Lethal Escherichia coli septicemia in the baboon: Alpha-adrenergic inhibition of insulin secretion and its relationship to the duration of survival

Philip E. Cryer, Arnold G. Coran, Jonas Sode, Clifford M. Herman, David L. Horwitz

Research output: Contribution to journalArticlepeer-review

6 Scopus citations


To clarify the mechanisms of septicemic hypoinsulinemia and septicemic hyperglycemia, the serum immunoreactive insulin and serum glucose responses to Escherichia coli septicemia produced during phentolamine-induced α-adrenergic receptor blockade were measured in 7 baboons. Septicemic animals not given phentolamine were significantly hypoinsulinemic and hyperglycemic 15 minutes after E. coli injection. In contrast, during septicemia in α-adrenergic receptor blockaded baboons the mean serum immunoreactive insulin and glucose levels were not significantly different from those of control animals given saline rather than E. coli. Thus, α-adrenergic receptor blockade prevented both septicemic hypoinsulinemia and septicemic hyperglycemia. Furthermore, in 2 of 3 additional baboons given a single injection of phentolamine 20 minutes after E. coli injection, the depressed immunoreactive insulin levels increased and the elevated glucose values fell following phentolamine injection. Thus, the release of endogenous insulin (like the injection of exogenous insulin in earlier studies) aborted the developing hyperglycemia of septicemia indicating that septicemic hyperglycemia is not an obligatory response to factors other than insulin lack. Following smaller doses of E. coli, and with fluid infusion during septicemia, only 3 of 6 baboons developed definite hypoinsulinemia. The duration of survival of these 6 animals was significantly correlated with the serum immunoreactive insulin levels, expressed as a per cent of the mean of 2 base line observations for each animal, determined at 30, 45, and 60 minutes after E. coli injection. The mean duration of survival of the 3 hypoinsulinemic animals was significantly shorter than that of the 3 euinsulinemic animals The infusion of glucose, regular insulin, and potassium chloride did not prolong the duration of survival of 5 septicemic baboons beyond that seen in 6 septicemic animals not infused with these materials. However, the mean duration of survival of the 4 glucose-insulin-potassium-infused septicemic baboons which were initially hypoinsulinemic was significantly longer than that of the 3 hypoinsulinemic septicemic animals infused with fluids not containing glucose, insulin, and potassium chloride.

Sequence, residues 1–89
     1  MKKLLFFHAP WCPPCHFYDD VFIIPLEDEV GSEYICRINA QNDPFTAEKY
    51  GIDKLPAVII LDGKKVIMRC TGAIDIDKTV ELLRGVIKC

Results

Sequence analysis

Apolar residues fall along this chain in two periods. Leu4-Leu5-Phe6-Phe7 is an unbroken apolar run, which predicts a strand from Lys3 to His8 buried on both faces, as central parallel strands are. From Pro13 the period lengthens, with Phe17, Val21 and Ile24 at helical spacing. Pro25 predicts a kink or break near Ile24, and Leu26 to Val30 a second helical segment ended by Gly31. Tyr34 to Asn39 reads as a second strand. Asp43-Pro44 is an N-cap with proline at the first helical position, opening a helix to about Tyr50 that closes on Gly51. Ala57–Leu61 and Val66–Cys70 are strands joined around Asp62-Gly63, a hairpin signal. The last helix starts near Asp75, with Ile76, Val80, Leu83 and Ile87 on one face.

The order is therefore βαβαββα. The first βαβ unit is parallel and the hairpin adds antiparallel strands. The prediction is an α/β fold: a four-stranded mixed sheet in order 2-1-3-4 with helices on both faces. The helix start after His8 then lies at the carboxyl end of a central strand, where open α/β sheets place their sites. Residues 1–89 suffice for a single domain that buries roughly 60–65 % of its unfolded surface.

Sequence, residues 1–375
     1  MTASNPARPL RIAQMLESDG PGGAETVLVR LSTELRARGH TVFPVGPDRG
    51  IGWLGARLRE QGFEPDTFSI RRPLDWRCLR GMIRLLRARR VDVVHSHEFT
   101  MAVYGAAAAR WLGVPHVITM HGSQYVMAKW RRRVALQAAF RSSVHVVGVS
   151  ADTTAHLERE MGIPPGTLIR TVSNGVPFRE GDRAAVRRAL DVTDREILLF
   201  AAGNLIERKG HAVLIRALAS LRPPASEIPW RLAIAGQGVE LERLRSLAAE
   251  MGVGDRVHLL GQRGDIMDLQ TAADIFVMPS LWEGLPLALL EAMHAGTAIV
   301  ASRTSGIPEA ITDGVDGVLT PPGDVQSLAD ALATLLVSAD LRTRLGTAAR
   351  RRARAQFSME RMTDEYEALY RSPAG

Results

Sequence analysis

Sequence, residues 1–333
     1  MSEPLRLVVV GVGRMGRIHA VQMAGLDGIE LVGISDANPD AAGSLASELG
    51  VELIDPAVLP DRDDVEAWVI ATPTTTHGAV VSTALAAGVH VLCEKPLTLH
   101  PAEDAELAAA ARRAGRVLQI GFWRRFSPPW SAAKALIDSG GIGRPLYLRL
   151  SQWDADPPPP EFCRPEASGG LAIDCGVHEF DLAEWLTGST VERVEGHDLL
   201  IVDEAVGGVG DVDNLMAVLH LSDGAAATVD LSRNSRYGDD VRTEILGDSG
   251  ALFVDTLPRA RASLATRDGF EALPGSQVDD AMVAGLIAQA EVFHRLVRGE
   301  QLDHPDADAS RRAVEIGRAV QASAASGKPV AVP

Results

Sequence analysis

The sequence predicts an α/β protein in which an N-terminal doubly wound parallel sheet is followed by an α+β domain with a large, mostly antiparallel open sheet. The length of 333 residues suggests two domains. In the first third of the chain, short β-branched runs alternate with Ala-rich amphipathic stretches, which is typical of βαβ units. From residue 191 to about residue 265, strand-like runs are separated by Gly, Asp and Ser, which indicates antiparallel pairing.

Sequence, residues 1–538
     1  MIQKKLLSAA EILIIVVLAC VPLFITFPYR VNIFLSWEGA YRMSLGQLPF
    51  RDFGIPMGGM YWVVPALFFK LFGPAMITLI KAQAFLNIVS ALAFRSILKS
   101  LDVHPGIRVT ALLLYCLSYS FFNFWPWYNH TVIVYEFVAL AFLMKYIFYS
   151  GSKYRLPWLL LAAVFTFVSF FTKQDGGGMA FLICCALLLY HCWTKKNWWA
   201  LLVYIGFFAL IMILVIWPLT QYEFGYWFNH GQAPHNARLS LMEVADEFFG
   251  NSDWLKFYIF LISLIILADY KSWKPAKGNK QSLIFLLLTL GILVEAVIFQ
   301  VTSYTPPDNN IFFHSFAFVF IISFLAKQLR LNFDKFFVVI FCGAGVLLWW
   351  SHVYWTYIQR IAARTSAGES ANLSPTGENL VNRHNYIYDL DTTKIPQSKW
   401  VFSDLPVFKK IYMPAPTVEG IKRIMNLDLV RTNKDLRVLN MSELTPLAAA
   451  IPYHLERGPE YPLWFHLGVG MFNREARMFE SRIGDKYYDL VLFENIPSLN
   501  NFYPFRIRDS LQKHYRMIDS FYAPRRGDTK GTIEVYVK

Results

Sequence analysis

Original languageEnglish
Pages (from-to)622-638
Number of pages17
JournalThe Journal of Laboratory and Clinical Medicine
Issue number4
StatePublished - Apr 1972


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